- Apple plans to end its affiliate program for iOS apps, Mac apps and in-app purchases on October 1, according to an announcement made by the company.
- Apple said its App Stores for iOS and macOS, which were redesigned last year, increased the ways that people learn about mobile applications. The company is maintaining its referral rate of 7% for music, movies, books and TV programs.
- The company's affiliate program shares a small percentage of revenue generated by third-party links to purchase apps or in-app content. Last year, the tech giant cut the commissions for app referrals from 7% to 2.5%.
As services like the App Store become a bigger part of Apple's business, the company may want to be less dependent on independent reviewers and focus more on strengthening the business from the inside. Apple’s plan to cut affiliate payments will likely have a negative impact on independent app reviewers that earn revenue by linking their recommendations to Apple’s App Store, per VentureBeat. But the company isn't obligated to support reviewers that aren't building other sources of revenue, such as advertising, paid subscriptions or even direct patronage. Publishers that were too reliant on Facebook traffic also have lost business when the social network has made changes to its algorithms that determine what people see in their news feeds.
Meanwhile, third-party reviewers benefit from driving traffic to the App Store, which looks like a conflict of interest with readers who are seeking unbiased advice about which apps to download. The elimination of app referral payments should be a warning to any company that makes money from referrals for other content like music, movies, books and TV. As Apple builds up its content business, it may eventually decide to add more in-house reviewers.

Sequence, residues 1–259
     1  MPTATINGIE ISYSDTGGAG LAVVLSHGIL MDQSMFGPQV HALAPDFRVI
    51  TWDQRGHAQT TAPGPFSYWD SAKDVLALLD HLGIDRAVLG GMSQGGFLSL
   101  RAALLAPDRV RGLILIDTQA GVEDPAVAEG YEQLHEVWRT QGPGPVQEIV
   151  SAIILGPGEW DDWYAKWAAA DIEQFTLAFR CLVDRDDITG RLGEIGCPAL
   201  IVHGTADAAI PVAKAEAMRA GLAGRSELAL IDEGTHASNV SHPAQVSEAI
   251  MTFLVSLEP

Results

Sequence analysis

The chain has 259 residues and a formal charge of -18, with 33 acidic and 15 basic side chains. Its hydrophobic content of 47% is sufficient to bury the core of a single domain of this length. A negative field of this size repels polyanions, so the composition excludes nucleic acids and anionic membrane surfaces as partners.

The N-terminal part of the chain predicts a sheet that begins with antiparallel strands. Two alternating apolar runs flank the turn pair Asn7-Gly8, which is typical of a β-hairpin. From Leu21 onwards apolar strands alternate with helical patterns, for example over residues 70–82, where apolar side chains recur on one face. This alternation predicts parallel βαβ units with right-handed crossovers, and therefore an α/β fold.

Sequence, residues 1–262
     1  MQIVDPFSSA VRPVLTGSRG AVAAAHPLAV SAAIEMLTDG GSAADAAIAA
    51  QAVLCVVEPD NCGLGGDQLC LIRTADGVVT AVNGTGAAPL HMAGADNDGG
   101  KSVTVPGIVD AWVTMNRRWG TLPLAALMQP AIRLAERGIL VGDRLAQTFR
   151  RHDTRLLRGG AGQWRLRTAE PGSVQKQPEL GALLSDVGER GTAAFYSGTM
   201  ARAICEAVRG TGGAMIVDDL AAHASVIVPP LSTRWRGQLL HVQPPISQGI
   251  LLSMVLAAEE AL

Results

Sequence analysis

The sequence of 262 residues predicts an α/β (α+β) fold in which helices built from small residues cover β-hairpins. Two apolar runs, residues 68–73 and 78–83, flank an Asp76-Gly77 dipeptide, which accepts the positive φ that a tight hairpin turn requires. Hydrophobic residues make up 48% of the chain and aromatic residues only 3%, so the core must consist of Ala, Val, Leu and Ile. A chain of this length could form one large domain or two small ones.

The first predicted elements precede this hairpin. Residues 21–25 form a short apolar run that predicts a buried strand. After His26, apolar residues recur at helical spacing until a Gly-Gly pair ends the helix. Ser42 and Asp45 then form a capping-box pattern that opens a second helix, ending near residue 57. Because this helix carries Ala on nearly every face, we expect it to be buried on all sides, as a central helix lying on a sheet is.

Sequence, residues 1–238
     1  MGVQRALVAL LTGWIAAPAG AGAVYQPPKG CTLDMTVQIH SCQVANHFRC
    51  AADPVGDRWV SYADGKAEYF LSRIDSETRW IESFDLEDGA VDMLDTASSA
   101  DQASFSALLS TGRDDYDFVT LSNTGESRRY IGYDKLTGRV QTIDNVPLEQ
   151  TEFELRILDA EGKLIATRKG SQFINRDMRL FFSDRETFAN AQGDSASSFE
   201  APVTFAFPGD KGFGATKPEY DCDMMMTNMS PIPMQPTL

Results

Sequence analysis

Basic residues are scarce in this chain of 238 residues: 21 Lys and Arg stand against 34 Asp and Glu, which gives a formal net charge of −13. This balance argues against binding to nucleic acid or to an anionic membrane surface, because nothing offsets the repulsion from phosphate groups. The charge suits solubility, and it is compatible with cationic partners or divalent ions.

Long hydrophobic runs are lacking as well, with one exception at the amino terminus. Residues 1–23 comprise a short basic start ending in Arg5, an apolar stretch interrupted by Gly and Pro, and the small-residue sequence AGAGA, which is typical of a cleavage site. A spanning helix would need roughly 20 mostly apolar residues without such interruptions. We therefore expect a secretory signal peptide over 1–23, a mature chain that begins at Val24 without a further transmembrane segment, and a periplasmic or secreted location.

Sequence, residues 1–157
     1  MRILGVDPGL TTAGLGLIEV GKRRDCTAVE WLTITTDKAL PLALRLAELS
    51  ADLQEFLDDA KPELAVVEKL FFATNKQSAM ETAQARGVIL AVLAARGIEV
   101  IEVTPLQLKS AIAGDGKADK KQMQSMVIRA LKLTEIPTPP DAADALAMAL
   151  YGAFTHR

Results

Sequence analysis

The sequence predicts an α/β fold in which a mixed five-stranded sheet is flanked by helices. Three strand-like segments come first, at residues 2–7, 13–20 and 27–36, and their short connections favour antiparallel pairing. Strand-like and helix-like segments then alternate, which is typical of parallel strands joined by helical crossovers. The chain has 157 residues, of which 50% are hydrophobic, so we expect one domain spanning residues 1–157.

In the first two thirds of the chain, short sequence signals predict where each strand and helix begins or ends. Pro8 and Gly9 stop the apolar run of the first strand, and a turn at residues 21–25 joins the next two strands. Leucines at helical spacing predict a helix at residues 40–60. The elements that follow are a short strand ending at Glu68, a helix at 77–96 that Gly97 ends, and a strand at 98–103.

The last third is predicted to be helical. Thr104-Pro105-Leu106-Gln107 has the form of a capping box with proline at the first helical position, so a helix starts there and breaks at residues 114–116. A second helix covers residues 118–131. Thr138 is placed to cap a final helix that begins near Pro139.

The services business has been a real growth engine for the company as it seeks to reach $50 billion in yearly revenue by 2020 from the App Store, Apple Music, Apple Pay and iCloud storage. Services revenue jumped 31% to $9.6 billion last quarter, putting the company on track to easily reach its goal. "Apple Pay had well over 1 billion transactions last quarter, triple the amount from just a year ago," said CEO Tim Cook.
The elimination of affiliate payments isn't likely to have a major effect on Apple’s revenue. The tech giant reported record sales for its fiscal third quarter — usually the company's weakest time of year — due to higher iPhone prices and its growing services business. Apple's iPhone sales rose 1% to 41.3 million units, and a higher price point meant that iPhone revenue jumped 20% to $29.9 billion.